“How can we accept such a discriminatory situation in a society like ours? Inhuman treatment related to the safety of our communities must give way to real justice and respect for the fundamental right to individual and collective security to which all citizens are entitled, regardless of who they are and where they are. In the face of such a nonsense, how can we believe in the reconciliation that the federal and provincial governments keep on boasting when really it is nothing more but smoke and mirrors? Instead of determining between themselves the rules that conduct our policing services, we invite them to sit down with us to define together the future of public safety for our Nations and to guarantee the security to which our people are entitled,” concluded Chief Picard.
Watch the live testimony of the AFNQL representatives at: https://www.cerp.gouv.qc.ca/index.php?id=53
About the AFNQL
The Assembly of First Nations of Quebec and Labrador is the political organization regrouping 43 Chiefs of the First Nations in Quebec and Labrador. Follow us on Twitter @APNQL
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Alain Garon, email@example.com
Cell. : 418 254-4620
Currently, the Listuguj Mi’gmaq Government is in negotiations with the Federal Government of Canada and the Provincial Government of Quebec to renew the Tripartite Agreement that funds the Listuguj Police Department. Under the Tripartite Agreement, Canada supplies 52% of the funding while Quebec supplies the remaining 48%.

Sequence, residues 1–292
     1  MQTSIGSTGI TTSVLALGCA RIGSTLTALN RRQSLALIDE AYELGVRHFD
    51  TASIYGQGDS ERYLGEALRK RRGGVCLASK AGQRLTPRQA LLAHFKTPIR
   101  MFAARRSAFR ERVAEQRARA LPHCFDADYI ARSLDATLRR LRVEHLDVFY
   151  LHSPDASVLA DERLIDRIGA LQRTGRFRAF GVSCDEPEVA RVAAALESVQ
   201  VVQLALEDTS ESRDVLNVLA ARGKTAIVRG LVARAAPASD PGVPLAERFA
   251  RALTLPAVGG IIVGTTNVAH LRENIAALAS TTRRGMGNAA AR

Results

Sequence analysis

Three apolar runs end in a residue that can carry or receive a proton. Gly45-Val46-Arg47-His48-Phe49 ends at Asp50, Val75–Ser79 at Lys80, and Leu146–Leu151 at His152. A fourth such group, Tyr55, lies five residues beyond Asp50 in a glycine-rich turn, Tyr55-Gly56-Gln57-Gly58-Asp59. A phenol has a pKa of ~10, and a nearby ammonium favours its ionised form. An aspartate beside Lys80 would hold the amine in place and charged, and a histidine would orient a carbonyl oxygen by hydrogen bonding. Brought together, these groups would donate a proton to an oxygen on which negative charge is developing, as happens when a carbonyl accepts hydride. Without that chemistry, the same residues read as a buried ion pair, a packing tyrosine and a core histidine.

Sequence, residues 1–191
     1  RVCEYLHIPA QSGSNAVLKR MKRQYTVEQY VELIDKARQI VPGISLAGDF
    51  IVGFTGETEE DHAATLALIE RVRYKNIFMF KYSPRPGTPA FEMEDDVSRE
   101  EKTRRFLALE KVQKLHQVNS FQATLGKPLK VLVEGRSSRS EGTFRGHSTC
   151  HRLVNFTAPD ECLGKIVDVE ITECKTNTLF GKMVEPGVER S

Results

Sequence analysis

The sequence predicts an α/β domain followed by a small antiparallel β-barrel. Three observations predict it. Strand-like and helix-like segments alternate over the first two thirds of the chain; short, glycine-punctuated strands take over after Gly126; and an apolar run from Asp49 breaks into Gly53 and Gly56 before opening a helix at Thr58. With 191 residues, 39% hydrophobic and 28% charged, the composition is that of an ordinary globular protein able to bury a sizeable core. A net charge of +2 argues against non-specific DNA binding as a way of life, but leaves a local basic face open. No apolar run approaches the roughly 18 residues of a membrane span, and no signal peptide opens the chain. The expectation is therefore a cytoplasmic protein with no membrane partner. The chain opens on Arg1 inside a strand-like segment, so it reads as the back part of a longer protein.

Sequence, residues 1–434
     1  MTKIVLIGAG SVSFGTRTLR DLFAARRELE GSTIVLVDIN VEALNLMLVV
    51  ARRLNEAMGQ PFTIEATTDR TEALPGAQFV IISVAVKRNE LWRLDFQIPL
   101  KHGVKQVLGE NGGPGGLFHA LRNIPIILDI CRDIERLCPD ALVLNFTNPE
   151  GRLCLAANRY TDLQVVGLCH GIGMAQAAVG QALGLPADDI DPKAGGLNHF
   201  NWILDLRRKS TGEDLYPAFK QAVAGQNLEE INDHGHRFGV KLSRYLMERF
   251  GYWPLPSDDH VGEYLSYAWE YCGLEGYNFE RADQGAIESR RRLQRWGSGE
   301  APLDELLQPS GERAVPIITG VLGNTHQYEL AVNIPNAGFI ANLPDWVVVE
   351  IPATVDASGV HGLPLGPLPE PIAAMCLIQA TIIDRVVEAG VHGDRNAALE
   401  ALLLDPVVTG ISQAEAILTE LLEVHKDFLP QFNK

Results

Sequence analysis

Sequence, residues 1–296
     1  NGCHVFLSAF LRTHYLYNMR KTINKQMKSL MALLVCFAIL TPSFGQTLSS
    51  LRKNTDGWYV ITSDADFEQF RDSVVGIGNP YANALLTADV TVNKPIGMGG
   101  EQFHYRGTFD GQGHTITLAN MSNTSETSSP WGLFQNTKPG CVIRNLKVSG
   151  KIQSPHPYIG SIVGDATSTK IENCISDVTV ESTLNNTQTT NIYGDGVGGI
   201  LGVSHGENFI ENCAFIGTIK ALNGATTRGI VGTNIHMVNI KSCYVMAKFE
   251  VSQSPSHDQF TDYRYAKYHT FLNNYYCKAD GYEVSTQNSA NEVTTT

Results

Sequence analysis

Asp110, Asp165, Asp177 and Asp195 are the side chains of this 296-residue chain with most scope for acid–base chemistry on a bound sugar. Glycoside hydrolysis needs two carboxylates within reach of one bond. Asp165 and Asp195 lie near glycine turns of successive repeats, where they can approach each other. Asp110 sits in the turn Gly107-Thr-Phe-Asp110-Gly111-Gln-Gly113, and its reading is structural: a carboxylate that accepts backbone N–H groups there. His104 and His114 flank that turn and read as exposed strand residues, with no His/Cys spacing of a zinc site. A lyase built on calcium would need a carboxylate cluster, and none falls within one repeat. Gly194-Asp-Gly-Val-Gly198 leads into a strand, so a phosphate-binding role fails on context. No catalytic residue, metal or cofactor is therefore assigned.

At the moment, the negotiations for increased funding to meet the needs of our police department and to ensure a healthy and successful work environment are not being met. On average the Listuguj Police Department runs a $200,000 deficit each year due to budget constraints.
The Listuguj Police Department is unique in the fact that they hold no prejudice and do not only patrol the community of Listuguj. The nearest SQ detachment is located 20 minutes away in Matapedia, Quebec. Often, our officers are first on the seen in neighboring communities providing first responder aid and assistance.
71% of all cases brought forward to the Court House in New Carlisle are submitted by the Listuguj Police Department. Despite all the good work they do, the Listuguj Police officers are not treated equally in pay compared to their provincial and federal counterparts. An officer from the SQ or RCMP makes nearly double what an officer from the LPD is payed despite having the same amount of training, sometimes more. As a result of this wage gap, there is a high turnover rate of police officers in the LPD because other locations simply pay more.
The need for increased funding is to correct the pay gap, hire more employees as our LPD office is under-staffed, fund new recruits, and to replace old equipment. Some of the equipment currently in use is outdated and poses additional risk to our officers in terms of safety and functionality.
It appears that the two respective governments are intentionally underfunding our police force in order for us to hire individuals from outside the community, mostly fresh out of the academy, for the purpose of gaining experience working in a First Nations community police setting. To what extent is unknown but the sentiment felt is that the purpose of underfunding our police force is to create complications and agitation in the work place to a point where we can no longer sustain our police detachment and have the province step in and police our community.